• In addition to this structural investment a large share of the research funding that is now distributed via competitive grant schemes (NWO and EU for example) should go directly to academic staff: so less time wasted on proposals that do not get funded, less work pressure and more funded time for curiosity driven research;
  • A new recognition and reward system that once and for all gets rid of the publish or perish culture (or generally speaking the output performance culture) that has dominated academia in the last 25 years. Especially the current publication and PhD supervision criteria that our Tenure Trackers need to comply with only contribute to more publications and more PhD students to be supervised.
  • The time and energy consuming bureaucracy that we need to work in and which is largely based on institutionalized distrust, as if endless procedures, evaluation rubrics, assessment forms, and checks and balances will help us to become better lecturers and researchers.
  • Related to that is the time that we are spending on writing self-evaluation reports (and to that we add mid-term self-evaluation reports) for peer review committees (peer reviews of our BSc and MSc programs or of our research program). Don’t get me wrong, I really value getting feedback from peers if we can also honestly and openly share our struggles and challenges and then get constructive feedback on how to do things better. However what we are actually asked to do is to write marketing brochures to boast about our excellence, so that university management can show to the outside world how many ‘top programs’ and ‘world leading’ research units it has. And this also means that a negative evaluation (which is basically anything below ‘excellent’) will haunt you until the next peer review.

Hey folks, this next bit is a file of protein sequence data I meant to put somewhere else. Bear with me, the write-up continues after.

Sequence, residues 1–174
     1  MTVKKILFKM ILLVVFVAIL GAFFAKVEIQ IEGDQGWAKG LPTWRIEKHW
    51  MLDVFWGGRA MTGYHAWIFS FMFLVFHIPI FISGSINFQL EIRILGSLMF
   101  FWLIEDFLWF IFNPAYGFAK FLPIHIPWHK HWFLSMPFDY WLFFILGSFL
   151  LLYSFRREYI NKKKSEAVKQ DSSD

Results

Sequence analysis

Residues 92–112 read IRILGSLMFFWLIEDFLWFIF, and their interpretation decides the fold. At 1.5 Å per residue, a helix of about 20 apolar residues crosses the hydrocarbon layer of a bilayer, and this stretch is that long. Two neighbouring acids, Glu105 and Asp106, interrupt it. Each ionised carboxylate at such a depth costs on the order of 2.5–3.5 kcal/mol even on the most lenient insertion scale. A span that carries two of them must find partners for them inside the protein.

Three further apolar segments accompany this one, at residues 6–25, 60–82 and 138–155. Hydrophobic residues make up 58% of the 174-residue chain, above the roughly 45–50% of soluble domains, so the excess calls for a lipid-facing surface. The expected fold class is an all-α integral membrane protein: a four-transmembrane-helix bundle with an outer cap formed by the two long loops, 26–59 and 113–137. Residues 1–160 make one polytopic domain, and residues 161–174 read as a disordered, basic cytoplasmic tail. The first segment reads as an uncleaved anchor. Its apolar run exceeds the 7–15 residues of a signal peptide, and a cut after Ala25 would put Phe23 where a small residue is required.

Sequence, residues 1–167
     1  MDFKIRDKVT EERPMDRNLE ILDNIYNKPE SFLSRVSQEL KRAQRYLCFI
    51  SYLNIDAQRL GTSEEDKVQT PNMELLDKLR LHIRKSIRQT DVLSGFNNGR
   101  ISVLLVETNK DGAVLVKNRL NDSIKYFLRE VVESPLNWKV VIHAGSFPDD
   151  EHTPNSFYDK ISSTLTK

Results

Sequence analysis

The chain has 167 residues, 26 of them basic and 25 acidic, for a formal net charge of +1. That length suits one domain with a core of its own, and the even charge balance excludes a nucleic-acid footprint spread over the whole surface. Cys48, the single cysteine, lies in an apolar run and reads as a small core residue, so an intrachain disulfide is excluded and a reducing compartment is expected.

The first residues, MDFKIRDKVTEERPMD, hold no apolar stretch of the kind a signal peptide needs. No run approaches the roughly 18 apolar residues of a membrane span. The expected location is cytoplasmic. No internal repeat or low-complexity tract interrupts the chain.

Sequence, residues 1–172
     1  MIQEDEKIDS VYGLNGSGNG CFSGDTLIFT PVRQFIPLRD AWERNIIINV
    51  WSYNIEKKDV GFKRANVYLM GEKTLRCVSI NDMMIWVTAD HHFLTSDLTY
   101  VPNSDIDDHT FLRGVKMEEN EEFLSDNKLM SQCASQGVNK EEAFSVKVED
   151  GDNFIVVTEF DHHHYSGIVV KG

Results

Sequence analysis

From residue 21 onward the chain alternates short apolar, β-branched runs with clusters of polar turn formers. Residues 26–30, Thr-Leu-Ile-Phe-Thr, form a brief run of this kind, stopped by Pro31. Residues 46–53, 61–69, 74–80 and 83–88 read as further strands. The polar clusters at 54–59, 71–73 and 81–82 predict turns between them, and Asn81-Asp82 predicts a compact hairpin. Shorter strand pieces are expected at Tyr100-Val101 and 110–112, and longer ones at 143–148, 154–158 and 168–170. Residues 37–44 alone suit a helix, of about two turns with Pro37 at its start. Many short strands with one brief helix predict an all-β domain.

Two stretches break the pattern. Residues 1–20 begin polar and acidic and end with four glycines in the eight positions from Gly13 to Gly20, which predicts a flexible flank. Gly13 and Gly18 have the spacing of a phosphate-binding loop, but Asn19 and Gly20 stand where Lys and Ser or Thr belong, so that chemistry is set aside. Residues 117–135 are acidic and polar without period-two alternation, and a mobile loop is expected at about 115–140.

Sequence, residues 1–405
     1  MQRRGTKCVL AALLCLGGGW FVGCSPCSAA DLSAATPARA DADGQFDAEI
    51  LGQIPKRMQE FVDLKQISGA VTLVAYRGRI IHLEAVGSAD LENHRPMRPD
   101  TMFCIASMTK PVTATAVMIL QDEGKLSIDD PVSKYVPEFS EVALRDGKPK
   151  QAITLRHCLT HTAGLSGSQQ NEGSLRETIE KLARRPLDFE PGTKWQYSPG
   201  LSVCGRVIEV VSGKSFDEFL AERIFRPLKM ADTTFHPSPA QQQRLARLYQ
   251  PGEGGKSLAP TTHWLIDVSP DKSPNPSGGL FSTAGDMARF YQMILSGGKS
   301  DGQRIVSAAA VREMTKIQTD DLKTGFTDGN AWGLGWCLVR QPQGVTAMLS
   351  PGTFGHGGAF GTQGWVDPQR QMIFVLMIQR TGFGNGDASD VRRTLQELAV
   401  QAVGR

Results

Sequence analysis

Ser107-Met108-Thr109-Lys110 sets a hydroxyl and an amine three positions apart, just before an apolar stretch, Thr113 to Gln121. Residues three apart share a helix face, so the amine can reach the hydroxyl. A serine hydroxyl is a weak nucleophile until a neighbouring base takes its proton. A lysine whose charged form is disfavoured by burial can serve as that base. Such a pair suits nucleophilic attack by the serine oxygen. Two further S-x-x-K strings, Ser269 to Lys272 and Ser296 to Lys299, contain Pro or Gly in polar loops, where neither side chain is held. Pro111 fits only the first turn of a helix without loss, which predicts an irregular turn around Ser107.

What have I decided to do to reduce my work pressure?

In addition to keep on addressing the structural causes of work pressure I have decided to do the following:

  • I will not write any project proposal until the current Horizon 2020 project I am coordinating is finished and I have the time and energy to write a new proposal;
  • I will no longer write research grants for financial reasons, but only because I want to (for curiosity reasons, because it allows me to hire PhD candidates and/or postdocs, because it enables me to collaborate with colleagues in other countries, et cetera).
  • I will not accept new PhD students until the number I am responsible has dropped below 10 and that will remain the maximum number.
  • I will publish less and review no more than two papers per paper I have submitted as (co-)author (and review no more than 3 research proposals per proposal I have submitted for review).